Date:
By: Anina Diener

Three Stages of Water Elimination in Compressed Air

Ambient air always contains some level of moisture. When you compress air, the moisture will condense and can cause problems if it isn’t addressed. When an oily water mixture, (the byproduct of condensation) makes its way through the air lines and to points-of-use, it can cause many problems. Blasting and painting processes are affected, along with pneumatic tools, CNC machining centers, robotics, and many other applications.

When a compressor draws in air, it is compressed about 8 times the normal atmospheric pressure in order to achieve 100 PSI. Moisture that is present as a vapor in the air begins to condense. It’s like squeezing the water out of a sponge. Greater amounts of condensation occurs as the compressed air moves through the system and cools. The effect is more pronounced in summer because of higher ambient humidity.

It is impossible to prevent 100% of the moisture from entering your compressed air system, but you must eliminate as much of it as possible. You can do this in stages throughout your system using different filtration components. Here are the three main stages:

  1. The first place of attack is in the receiver tanks. When air emerges from the compressor, it is hot – which temporarily keeps the water in its vapor state. Then, when it gets to the tank, condensation occurs, producing a liquid that will collect at the bottom. Draining the tank is crucial to getting rid of moisture in your air compressor system. Zero Loss, timer-based, and manual drains are standard practices for the reliable draining of receiver tanks.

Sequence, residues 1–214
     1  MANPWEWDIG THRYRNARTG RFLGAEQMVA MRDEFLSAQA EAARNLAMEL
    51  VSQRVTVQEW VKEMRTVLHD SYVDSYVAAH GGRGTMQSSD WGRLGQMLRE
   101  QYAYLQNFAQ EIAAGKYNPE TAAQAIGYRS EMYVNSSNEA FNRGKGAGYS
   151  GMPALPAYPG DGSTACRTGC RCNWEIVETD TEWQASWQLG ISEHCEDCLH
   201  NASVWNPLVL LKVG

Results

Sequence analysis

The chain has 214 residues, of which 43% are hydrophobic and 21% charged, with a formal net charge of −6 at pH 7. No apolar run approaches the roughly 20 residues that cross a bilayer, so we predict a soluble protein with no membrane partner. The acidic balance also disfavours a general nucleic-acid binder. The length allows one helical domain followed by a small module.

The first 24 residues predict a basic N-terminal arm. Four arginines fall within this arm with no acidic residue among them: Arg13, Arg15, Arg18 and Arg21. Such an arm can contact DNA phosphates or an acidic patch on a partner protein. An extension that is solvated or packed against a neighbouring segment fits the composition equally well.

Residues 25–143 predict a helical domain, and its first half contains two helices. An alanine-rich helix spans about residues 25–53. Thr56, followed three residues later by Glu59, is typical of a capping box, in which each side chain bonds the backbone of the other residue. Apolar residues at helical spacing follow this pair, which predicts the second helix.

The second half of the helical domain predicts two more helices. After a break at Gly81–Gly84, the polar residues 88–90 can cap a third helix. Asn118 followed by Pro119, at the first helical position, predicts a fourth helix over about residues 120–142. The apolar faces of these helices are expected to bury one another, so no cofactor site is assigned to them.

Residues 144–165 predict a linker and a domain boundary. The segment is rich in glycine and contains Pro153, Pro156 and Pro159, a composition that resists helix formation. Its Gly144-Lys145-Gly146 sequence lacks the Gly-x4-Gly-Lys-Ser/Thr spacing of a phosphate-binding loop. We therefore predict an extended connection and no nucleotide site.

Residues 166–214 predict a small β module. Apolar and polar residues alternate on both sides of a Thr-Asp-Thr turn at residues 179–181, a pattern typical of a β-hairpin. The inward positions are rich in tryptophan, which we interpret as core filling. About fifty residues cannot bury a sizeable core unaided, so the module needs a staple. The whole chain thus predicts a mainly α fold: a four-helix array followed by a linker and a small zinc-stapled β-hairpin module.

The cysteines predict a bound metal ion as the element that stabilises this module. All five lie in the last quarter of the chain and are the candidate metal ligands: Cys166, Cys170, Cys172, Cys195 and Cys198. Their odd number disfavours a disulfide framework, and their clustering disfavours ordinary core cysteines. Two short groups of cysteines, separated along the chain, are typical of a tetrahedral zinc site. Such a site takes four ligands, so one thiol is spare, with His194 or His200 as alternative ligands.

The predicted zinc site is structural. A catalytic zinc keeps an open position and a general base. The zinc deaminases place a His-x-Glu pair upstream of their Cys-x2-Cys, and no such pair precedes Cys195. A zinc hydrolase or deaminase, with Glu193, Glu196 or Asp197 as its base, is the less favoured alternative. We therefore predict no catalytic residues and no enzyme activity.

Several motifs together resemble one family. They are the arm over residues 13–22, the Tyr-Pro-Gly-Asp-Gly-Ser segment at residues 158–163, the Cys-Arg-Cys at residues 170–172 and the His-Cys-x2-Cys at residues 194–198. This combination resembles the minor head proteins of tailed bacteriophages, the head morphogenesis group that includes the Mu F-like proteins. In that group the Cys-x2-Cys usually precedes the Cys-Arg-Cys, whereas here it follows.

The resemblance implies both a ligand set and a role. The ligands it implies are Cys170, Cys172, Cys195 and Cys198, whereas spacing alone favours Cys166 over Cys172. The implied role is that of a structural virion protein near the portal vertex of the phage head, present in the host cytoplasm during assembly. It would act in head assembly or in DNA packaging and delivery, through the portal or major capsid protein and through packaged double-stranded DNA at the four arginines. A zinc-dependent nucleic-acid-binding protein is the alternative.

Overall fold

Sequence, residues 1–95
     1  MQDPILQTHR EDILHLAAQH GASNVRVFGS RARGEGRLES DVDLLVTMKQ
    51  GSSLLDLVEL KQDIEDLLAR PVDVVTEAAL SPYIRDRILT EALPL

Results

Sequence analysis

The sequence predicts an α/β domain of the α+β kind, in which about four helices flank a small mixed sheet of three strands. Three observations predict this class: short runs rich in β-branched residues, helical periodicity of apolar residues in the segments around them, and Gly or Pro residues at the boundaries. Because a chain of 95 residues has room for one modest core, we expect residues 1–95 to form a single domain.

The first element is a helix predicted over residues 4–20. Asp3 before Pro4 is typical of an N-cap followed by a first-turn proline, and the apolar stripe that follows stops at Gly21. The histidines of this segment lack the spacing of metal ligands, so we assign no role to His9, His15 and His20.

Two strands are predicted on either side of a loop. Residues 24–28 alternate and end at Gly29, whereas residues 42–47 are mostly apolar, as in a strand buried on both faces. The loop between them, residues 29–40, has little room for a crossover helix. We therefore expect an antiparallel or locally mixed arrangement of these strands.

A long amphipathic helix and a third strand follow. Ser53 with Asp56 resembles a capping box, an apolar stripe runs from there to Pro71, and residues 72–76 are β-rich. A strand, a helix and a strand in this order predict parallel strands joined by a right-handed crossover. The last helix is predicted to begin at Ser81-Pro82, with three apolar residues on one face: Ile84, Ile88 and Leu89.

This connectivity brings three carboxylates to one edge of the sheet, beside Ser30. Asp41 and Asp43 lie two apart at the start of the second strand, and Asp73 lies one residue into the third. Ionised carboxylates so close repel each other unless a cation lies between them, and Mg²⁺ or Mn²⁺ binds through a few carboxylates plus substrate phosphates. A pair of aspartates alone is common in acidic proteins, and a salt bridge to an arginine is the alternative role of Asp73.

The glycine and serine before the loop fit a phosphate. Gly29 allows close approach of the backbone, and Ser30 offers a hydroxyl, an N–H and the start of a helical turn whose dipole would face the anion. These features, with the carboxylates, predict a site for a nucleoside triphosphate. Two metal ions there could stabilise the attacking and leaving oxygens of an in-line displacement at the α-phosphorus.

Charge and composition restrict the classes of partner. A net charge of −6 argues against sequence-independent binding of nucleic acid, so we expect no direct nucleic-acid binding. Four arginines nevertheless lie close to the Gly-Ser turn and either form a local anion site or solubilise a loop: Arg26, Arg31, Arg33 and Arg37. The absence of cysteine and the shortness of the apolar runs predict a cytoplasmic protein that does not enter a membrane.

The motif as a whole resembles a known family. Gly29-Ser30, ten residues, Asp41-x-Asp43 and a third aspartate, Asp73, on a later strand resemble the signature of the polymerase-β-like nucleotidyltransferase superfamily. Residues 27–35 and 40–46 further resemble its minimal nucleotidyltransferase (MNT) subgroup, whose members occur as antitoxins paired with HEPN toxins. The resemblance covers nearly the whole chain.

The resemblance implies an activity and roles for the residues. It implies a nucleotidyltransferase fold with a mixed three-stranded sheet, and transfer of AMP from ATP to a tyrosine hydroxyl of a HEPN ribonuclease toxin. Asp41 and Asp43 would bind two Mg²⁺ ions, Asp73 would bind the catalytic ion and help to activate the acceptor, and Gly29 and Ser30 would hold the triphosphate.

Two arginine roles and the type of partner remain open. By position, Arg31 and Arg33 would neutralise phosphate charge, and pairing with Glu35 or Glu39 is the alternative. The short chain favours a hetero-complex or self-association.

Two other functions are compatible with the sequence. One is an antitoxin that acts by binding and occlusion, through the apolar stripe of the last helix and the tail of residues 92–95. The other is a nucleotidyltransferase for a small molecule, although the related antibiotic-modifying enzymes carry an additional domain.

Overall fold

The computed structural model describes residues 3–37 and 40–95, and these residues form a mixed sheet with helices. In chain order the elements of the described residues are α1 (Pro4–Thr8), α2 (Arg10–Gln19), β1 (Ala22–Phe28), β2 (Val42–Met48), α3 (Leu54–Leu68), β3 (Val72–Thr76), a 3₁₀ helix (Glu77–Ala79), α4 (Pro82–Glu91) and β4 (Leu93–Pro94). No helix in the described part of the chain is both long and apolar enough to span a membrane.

2. A mechanical separator is another way to remove water from an air system. A filtration water separator (different than just an average filter) removes large amounts of moisture from the air supply using centrifugal force. This device removes 40% to 60% of the water in a compressed air system. In fact, using this device alone may be liquid-free enough for your application at this point.
  3. If further moisture removal is necessary, look next to refrigerated air dryers. Temperature, pressure and moisture content are correlated. By chilling the air to a lower temperature than ambient, more water is removed. Refrigerated air dryers yield air that is between a 34° and 40° dew-point. This is sufficient for most applications. If this doesn’t dry your air enough, you need to consider another type of dryer.
    1. Desiccant Dryers are used in applications that need extremely dry air such as, painting, printing and instrument manufacturing. It is also a must when compressed air meets ambient temperatures of less than 32°F. Desiccant dryers produce dewpoints from -40°F to -100°F depending on the model of the dryer and the type of desiccant used in the system.

Contact one of our staff for more info on moisture removal for your application!

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